Milan isn’t made just of glitzy fashion shops. On the contrary: its hidden beauty is revealed to you upon request. To a local, possibly.
And this, my friends, is the story about my personal Narnia.

On a surprisingly fresh(ish) day in midst of a heatwave week we’ve set our minds to a hunt for a book dating 1539: the bug had been planted by a friend who discovered it online. Yet book lovers can confirm, you don’t buy that sort of item blindly. You want to touch it, smell it, look at it and daydream about the times it was made, so many centuries far from our own reality.
There are several antique bookshops in the city as it’s sort of a pet peeve of local men, but only one is so distinctively and quintessentially Milanese: the Malavasi. 

You can see it from the outside too: no modern lights, no modern windows, it’s like stepping into the ’40s and forgetting that just in front of it there’s a nightclub. It’s a family business (obviously) and ever since its first day it has been a home to scientists, professors, researchers – anyone with a passion for books, studies, mementos of the past.

It has been bombed, yet has survived, and they have proudly launched themselves into the digital area very very soon (in fact, much sooner than others) and manage today to have modernity and antiques in perfect harmony.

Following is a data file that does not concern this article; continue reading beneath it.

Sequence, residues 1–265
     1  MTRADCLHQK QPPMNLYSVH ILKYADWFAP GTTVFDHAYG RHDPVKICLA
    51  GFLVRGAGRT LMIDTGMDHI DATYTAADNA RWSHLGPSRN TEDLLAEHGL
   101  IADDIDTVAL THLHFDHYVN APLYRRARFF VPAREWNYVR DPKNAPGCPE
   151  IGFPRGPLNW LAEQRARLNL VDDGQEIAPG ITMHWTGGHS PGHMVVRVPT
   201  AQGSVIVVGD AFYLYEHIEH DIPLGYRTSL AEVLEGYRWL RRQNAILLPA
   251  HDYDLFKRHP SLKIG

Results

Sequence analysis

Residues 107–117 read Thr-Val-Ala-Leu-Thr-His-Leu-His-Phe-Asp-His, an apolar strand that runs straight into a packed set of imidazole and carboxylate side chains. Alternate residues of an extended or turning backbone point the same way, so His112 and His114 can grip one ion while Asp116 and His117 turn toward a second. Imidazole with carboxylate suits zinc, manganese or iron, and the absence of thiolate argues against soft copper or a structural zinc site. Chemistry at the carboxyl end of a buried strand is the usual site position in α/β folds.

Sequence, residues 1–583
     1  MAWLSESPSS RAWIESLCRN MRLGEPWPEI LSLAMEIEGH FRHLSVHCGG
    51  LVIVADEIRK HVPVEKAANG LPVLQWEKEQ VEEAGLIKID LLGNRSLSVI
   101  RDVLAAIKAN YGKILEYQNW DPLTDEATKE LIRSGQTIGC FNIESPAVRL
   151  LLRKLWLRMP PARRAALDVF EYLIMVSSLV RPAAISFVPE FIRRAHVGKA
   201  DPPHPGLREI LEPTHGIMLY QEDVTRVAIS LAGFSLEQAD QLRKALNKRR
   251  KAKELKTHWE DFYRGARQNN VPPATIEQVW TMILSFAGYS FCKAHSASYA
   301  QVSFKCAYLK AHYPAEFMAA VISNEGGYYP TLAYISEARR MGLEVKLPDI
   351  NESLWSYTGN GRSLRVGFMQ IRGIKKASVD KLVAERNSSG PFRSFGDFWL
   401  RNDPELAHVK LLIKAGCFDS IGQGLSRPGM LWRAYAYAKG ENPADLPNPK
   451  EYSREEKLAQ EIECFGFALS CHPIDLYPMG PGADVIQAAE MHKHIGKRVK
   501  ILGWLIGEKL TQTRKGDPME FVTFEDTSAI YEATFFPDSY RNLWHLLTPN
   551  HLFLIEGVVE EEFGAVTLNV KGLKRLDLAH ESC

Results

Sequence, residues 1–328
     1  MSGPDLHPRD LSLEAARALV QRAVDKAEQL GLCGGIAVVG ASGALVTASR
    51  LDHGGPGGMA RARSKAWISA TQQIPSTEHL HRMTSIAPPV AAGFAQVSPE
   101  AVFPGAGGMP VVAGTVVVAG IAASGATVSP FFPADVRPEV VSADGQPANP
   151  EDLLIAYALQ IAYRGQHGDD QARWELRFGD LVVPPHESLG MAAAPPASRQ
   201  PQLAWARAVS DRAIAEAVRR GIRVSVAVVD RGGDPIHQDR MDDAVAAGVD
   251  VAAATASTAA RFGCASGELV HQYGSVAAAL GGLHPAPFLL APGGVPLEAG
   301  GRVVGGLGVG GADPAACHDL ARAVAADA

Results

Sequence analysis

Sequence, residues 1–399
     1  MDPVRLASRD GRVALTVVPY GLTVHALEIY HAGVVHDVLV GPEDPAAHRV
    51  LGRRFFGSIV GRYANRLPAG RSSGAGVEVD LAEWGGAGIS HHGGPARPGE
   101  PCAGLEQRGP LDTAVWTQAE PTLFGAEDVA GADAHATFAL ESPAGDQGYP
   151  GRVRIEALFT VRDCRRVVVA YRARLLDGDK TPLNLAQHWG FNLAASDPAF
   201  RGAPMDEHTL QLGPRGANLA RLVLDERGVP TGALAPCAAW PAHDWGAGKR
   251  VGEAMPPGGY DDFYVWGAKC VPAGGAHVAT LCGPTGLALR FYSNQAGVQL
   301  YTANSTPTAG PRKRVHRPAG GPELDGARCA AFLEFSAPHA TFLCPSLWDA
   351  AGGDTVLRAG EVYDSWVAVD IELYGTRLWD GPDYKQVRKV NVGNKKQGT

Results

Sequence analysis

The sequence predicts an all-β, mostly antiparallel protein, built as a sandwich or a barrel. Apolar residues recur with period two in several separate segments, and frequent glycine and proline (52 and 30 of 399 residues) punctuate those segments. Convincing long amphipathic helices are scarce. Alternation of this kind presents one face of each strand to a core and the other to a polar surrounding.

Yet the shop is a jump into the ’50s and ’60s. You enter and found yourself immersed in towering shelves full of antiques: the smell of the books inebriates you, the low lights and the neutral colours are soothing, the furniture is massive woodwork and everything is meant to put the books in the spotlight, nothing else. There is peace and quiet and no trace whatsoever of tourists, it is a place meant specifically for connaisseurs and people truly passionate of studying.

The owners are brothers, direct descendants of the founder, and they are knowledgeable and discreet: their attitude is very Milanese, not too warm and not too cold, welcoming but without overshadowing the library itself. What I appreciate most is the permission to look – and touch – freely, as they believe in touching and feeling more than anything. (it goes without saying that one should be careful with antiques, as they morally demand by their nature)

This trip to the past is precious in order to understand what it really means to be Milanese: a city that has always had a high degree of proper and ladylike for women, a place to go for men when they wanted to make it in life – always known as cold and unwelcoming when compared to other Italian cities, but in reality – anything but.

The old-school name-sign at this store reminds me of old photos of my husband’s grandfather, when men use to dress properly (honest-to-God suit, tie and well polished shoes at any given moment) and women were the example of femininity. There are no many botteghe storiche (historical shops) left but those who are there are guaranteed to make you smile and also to make you feel like a member of a secret society, known to locals.

So, when in Milan, do yourself a favour and dedicate an hour to this magical space: your mind and soul will thank me, and you’ll see something entirely different than what’s in your Lonely Planet guide.

The Malavasi bookshop can be found in Largo Schuster 1, Milan. Website here

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